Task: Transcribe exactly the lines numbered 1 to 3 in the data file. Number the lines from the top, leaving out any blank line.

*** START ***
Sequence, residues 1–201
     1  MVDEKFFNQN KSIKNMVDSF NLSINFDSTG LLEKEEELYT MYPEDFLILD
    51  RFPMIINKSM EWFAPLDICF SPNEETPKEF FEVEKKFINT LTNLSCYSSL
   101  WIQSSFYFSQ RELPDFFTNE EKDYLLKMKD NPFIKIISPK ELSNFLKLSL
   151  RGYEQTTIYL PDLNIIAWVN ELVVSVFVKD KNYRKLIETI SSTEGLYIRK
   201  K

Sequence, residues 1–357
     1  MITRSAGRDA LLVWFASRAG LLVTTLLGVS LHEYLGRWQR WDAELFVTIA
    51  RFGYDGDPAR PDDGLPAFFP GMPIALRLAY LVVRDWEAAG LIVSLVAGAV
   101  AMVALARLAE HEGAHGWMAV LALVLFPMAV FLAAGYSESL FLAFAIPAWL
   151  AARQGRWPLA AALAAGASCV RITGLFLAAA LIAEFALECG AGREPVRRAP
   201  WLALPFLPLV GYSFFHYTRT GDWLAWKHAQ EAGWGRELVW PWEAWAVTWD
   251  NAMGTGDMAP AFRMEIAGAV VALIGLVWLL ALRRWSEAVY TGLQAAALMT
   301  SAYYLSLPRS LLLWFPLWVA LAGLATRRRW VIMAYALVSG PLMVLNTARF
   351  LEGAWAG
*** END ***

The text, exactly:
Sequence, residues 1–201
     1  MVDEKFFNQN KSIKNMVDSF NLSINFDSTG LLEKEEELYT MYPEDFLILD
    51  RFPMIINKSM EWFAPLDICF SPNEETPKEF FEVEKKFINT LTNLSCYSSL